This is absolutely true, as we see at our coin and bullion store here in Phoenix, where a steady stream of people come in here and sell us coins and bullion all day. Sell us a Krugerrand, or a couple of rolls of silver dollars, or a small accumulation of old coins, and the whole transaction might be done in a few minutes. If, starting January 1, 2012, we have to take all your personal information so that we can track your whole calendar year’s selling activity, most likely by entering the information about all our trades and customers into a computer program, you can bet that the time to do that trade will at least double, thereby making our business a whole lot less efficient.

But our business is far from alone. Chris Edwards is a tax policy analyst for the Cato Institute, and he had this to say about Section 9006 of the health care bill:

This provision of Obamacare will make us all poorer because businesses will be spending more time with paperwork and adjusting their computer programs, fighting with the IRS. There are going to be so many disparities between what records match up with what records. Small businesses do not need this, and the economy does not need this…This provision is going to be enormously unpopular come January 2012, and many, many businesses have no idea what is coming down the road.

Fortunately, there has been a deluge of media coverage about Section 9006 over the past week or so, so most people in business are now quite aware of what’s coming. Rep. Daniel Lungren, a Republican from California, has introduced a bill (HR 5141, the “Small Business Paperwork Mandate Elimination Act”) to repeal Section 9006 of the health care bill.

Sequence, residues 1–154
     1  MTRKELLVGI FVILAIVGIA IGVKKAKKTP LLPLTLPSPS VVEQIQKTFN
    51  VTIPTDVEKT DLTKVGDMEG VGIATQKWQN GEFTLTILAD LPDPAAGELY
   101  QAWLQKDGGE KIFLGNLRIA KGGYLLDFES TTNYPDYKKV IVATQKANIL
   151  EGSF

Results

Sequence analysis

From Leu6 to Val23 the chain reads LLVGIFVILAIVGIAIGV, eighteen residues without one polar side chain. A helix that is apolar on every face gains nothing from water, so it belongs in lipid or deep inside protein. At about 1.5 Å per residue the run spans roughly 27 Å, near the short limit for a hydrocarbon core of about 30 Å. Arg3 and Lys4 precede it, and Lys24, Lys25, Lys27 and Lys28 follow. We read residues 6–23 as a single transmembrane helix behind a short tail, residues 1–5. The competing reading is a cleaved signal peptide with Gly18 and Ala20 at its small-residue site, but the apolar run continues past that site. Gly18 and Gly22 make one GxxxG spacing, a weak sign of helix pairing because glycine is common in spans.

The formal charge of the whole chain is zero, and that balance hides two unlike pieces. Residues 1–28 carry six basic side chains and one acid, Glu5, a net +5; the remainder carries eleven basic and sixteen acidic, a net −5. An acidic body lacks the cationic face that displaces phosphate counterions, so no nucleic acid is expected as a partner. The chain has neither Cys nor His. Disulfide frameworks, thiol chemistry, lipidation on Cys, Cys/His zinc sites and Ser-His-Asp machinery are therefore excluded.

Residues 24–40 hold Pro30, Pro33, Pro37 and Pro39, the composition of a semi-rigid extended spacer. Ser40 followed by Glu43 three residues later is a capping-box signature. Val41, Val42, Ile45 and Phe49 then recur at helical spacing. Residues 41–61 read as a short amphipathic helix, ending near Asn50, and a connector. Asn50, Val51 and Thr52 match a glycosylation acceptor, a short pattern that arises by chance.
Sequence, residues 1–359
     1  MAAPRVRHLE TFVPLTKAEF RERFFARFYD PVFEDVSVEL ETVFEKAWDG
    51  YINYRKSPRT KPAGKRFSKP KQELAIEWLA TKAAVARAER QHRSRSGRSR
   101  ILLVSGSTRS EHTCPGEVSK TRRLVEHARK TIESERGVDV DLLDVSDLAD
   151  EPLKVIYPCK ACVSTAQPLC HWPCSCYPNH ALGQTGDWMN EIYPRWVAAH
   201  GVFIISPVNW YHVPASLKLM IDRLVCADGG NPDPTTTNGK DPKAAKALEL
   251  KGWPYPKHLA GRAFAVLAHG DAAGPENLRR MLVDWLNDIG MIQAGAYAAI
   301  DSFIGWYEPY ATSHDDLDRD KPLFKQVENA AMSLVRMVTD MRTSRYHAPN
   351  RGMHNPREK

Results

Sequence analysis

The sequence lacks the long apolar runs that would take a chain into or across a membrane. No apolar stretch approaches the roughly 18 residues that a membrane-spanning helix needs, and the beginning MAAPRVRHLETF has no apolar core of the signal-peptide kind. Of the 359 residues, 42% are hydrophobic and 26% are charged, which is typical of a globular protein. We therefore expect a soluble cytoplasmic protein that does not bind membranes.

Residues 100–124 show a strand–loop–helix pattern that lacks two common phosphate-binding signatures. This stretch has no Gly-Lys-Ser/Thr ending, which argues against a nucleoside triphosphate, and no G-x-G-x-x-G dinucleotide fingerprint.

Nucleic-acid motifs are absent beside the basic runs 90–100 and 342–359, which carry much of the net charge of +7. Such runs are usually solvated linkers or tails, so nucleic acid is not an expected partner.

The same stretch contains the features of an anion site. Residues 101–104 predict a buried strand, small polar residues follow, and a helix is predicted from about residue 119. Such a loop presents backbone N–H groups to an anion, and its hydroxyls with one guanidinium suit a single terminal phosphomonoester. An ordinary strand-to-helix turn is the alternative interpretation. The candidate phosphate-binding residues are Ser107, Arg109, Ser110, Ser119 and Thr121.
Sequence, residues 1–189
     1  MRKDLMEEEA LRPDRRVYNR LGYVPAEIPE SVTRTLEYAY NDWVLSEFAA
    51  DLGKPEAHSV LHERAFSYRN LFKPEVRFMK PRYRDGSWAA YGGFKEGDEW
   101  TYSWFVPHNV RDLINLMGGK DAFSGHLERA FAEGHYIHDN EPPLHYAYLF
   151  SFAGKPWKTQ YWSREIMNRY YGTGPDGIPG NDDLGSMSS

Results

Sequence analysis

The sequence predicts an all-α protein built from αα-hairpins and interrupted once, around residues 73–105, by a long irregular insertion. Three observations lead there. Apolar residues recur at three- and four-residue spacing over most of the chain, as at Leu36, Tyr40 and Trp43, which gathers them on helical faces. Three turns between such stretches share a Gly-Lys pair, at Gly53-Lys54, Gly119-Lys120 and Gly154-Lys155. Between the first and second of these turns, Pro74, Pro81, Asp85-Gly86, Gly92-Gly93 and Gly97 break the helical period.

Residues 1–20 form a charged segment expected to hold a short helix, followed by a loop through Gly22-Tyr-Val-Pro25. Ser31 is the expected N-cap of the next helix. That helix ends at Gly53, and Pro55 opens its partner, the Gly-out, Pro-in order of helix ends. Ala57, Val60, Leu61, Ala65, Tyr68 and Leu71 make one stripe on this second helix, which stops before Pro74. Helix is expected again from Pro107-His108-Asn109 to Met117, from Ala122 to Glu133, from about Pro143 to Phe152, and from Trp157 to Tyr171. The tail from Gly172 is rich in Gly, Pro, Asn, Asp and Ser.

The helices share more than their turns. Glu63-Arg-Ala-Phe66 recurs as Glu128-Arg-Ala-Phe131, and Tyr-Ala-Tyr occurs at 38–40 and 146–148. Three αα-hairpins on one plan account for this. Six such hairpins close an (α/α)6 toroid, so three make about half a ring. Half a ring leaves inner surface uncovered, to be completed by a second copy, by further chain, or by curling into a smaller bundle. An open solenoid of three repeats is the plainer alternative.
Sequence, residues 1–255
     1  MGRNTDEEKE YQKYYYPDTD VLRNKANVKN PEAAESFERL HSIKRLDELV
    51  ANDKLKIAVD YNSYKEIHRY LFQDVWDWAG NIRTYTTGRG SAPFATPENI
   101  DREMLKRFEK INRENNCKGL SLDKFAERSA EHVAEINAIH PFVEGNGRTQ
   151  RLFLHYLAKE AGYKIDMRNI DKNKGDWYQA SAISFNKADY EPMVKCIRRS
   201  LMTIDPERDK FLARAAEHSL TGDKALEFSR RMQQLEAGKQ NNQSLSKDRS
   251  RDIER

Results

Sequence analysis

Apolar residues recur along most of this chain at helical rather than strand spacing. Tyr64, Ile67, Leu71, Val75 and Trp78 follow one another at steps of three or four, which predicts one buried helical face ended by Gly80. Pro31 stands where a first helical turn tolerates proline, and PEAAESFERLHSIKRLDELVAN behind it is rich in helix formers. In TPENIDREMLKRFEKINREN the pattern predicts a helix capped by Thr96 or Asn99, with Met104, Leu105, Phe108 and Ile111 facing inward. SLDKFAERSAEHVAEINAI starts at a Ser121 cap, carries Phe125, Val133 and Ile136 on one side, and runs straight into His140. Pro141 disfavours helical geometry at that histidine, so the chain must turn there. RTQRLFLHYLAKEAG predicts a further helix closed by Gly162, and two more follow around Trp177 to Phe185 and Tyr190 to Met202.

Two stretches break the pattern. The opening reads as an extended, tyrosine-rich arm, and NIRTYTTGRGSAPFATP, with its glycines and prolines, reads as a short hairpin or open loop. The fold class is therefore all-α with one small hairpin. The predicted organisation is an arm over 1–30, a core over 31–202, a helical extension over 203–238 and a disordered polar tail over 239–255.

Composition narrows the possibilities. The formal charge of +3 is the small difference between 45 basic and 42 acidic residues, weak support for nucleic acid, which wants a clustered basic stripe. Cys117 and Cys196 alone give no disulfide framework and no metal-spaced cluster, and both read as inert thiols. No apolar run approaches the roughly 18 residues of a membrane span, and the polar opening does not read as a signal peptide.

Lungren, in a statement sent to ABC News, said:

Large corporations have whole divisions to handle such transaction paperwork but for a small business, which doesn't have the manpower, this is yet another brick on their back. Everyone agrees that small businesses are job creators and the engine which drives the American economy. I am dumfounded that this Administration is doing all it can to make it more difficult for businesses to succeed rather than doing all it can to help them grow.

Lungren’s bill to repeal 9006 was introduced on April 26, 2010, and it is currently under consideration by the House Ways and Means Committee.

By any measure of economic logic or plain common sense, Section 9006 should be repealed.

We strongly suggest that you urge your representative to not only support HR 5141, but do whatever possible to help affect its swift passage. Although Section 9006 doesn’t go into effect until January 1, 2012, its first unintended consequence – uncertainty - has already set in.